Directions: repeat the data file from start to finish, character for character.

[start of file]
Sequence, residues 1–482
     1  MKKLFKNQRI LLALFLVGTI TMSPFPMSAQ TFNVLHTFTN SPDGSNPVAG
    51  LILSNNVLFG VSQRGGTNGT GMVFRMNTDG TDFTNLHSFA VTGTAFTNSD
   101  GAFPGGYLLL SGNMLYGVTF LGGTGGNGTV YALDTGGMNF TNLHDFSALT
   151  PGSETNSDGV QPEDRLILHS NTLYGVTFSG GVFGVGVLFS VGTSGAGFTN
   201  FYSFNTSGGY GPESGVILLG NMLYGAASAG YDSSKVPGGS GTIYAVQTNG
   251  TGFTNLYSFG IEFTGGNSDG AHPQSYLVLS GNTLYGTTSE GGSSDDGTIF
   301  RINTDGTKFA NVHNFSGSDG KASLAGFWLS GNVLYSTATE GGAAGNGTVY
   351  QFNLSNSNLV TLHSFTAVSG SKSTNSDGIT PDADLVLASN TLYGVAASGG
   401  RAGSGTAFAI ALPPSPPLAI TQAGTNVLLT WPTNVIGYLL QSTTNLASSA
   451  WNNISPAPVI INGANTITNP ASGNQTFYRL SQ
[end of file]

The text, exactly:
Sequence, residues 1–482
     1  MKKLFKNQRI LLALFLVGTI TMSPFPMSAQ TFNVLHTFTN SPDGSNPVAG
    51  LILSNNVLFG VSQRGGTNGT GMVFRMNTDG TDFTNLHSFA VTGTAFTNSD
   101  GAFPGGYLLL SGNMLYGVTF LGGTGGNGTV YALDTGGMNF TNLHDFSALT
   151  PGSETNSDGV QPEDRLILHS NTLYGVTFSG GVFGVGVLFS VGTSGAGFTN
   201  FYSFNTSGGY GPESGVILLG NMLYGAASAG YDSSKVPGGS GTIYAVQTNG
   251  TGFTNLYSFG IEFTGGNSDG AHPQSYLVLS GNTLYGTTSE GGSSDDGTIF
   301  RINTDGTKFA NVHNFSGSDG KASLAGFWLS GNVLYSTATE GGAAGNGTVY
   351  QFNLSNSNLV TLHSFTAVSG SKSTNSDGIT PDADLVLASN TLYGVAASGG
   401  RAGSGTAFAI ALPPSPPLAI TQAGTNVLLT WPTNVIGYLL QSTTNLASSA
   451  WNNISPAPVI INGANTITNP ASGNQTFYRL SQ